BREAKFAST WITH THE FOOL
Tuesday, August 31, 1999
"The trees that are slow to grow bear the best fruit."
Guidant Buys CardioThoracic Systems
Brian Graney (TMF Panic)
Medical devices maker Guidant (NYSE: GDT) has agreed to acquire coronary artery bypass grafting (CABG) products maker CardioThoracic Systems (Nasdaq: CTSI) for $313 million in stock. The purchase price works out to $19.50 per share, a 3% premium to CardioThoracic's closing price of $19 per share yesterday and not much higher than the shares' $18 initial public offering price in 1996 -- not the best example of building shareholder value in the world. The deal is expected to be neutral to earnings in 2000 and accretive in 2001. One-time acquisition-related charges will be recorded in Guidant's Q4, when the deal is expected to close.
CardioThoracic's access platforms and stabilizer systems for performing cardiac surgery on a beating heart will move Guidant into a new business area, where it will be butting heads once again with its traditional stent and defibrillator rival Medtronic (NYSE: MDT). According to analysts, CardioThoracic's share of the beating heart bypass market is roughly 60%, double Medtronic's share. Yet, the market share gains have not been reflected in a larger stock market valuation, mostly owing to the fact that the company's products are only slowly gaining acceptance with cardiologists and that the overall market opportunity remains small.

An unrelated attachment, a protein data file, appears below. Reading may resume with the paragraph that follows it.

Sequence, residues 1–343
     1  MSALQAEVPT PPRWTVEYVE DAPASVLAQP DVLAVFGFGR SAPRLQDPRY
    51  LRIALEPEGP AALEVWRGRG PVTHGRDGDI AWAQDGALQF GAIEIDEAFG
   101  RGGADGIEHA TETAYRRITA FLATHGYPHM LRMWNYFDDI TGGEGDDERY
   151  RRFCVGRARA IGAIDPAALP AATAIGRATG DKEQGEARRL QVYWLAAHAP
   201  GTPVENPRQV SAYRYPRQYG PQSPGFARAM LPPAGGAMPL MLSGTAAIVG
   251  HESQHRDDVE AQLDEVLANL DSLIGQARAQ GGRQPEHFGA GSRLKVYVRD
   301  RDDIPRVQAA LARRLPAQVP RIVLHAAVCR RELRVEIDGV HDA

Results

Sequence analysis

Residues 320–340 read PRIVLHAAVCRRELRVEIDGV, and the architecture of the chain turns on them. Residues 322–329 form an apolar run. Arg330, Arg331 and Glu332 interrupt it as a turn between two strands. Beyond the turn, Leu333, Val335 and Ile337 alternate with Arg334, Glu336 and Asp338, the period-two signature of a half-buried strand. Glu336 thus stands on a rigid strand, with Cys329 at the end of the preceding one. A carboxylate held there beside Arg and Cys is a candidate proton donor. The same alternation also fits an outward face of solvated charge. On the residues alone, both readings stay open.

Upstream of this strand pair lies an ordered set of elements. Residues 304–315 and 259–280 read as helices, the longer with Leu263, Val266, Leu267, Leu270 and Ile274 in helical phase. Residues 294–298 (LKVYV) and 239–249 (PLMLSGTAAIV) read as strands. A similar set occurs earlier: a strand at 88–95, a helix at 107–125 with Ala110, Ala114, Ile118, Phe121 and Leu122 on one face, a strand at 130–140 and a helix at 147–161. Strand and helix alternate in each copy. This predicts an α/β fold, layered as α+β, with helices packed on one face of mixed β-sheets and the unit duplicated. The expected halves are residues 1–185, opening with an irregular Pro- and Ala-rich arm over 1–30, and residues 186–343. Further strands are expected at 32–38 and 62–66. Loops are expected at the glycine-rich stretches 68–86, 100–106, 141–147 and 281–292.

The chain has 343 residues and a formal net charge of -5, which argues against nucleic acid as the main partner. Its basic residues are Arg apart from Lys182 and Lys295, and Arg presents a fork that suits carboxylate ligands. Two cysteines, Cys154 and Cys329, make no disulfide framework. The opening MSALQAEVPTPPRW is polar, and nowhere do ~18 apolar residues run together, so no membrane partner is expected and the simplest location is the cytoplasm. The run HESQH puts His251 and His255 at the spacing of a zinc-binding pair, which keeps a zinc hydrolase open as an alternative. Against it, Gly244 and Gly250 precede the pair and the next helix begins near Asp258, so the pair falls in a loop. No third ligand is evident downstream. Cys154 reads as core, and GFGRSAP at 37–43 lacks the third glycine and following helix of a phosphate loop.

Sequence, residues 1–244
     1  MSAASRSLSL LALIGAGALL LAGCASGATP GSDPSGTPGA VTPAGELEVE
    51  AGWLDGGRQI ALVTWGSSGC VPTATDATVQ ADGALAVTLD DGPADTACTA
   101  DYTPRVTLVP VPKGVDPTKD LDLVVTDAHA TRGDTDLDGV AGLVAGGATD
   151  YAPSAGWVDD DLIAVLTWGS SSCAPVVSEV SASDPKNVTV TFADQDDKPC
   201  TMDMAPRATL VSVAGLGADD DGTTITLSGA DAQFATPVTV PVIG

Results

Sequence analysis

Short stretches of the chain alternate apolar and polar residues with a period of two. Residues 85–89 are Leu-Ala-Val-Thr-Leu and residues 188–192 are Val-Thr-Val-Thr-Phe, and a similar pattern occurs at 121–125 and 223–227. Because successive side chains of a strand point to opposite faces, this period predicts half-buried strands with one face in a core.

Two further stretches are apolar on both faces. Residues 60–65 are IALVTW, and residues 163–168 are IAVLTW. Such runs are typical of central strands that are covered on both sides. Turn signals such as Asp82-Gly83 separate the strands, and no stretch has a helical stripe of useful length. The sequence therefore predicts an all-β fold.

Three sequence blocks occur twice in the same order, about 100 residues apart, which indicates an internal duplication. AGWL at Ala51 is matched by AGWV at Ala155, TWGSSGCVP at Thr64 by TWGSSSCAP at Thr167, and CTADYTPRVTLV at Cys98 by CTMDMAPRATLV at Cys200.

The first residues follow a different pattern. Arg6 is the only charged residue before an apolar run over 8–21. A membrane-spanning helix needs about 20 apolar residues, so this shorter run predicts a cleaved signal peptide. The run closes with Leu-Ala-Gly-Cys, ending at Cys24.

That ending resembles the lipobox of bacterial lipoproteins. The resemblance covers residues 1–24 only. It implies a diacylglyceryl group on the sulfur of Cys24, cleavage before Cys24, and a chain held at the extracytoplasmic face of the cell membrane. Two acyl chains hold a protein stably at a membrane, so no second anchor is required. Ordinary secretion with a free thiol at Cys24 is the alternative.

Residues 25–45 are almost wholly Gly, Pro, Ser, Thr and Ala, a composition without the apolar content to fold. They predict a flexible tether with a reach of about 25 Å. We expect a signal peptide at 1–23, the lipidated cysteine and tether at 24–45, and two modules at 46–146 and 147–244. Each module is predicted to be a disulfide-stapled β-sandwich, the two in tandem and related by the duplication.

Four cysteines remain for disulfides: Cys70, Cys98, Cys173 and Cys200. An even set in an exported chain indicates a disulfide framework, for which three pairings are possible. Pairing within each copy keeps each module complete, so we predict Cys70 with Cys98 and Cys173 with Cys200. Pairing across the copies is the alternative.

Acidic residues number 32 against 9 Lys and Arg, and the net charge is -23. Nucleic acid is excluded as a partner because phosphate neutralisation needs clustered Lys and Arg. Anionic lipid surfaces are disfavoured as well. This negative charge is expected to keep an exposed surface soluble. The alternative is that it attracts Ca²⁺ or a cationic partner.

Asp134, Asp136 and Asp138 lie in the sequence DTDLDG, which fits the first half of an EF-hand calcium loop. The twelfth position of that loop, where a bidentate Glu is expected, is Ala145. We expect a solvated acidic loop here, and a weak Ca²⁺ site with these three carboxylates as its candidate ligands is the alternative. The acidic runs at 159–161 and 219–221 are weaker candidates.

Currently, CardioThoracic estimates that only 17% of all CABG procedures are performed with a specialized beating heart platform. Meanwhile, the overall beating heart bypass market is growing, but from a very small base. Assuming CardioThoracic can keep its recent 16% quarterly sequential revenue growth going in the second half of this year, the company might hit $32 million in annual revenues. If that represents a 60% share of the market, as CardioThoracic says it does, then the size of the entire market is only $53 million. That's peanuts compared to the billions of dollars at stake annually in the stent market, which will continue to be Guidant's and Medtronic's main battlefield.
News to Go
Office supplies superstore operator Office Depot (NYSE: ODP) warned that weaker-than-expected sales and slumping margins will lead to second half earnings between $0.38 and $0.40 per share, missing the Street's estimates in the $0.50 to $0.52 per share range.
PC retailer CompUSA (NYSE: CPU) said it is reconfiguring its commercial sales force from a decentralized model to a more centralized, regional sales model. As a result, its commercial sales force will be cut in half to 1,800 workers. Most of the workers affected by the plan have been offered different positions in the revamped organization.
Los Angeles-based homebuilder Kaufman and Broad Home (NYSE: KBH) said it has discovered that an employee in its wholly owned mortgage banking subsidiary has been engaging in unauthorized mortgage loan trading activity. Apparently, the employee in question was not a very good trader, and as a result, Kaufman and Broad expects its third quarter earnings to be reduced by $0.24 per share. The First Call mean estimate had called for earnings of $0.93 per share.
Confirming days of speculation, Internet computing company Sun Microsystems (Nasdaq: SUNW) has bought privately held office software company Star Division Corp. and will roll out word processing, presentation graphics, spreadsheet, and other software tools in a package called StarPortal later this fall. In the meantime, Star Division's multi-platform compatible StarOffice desktop software can be downloaded for free at Sun's website.
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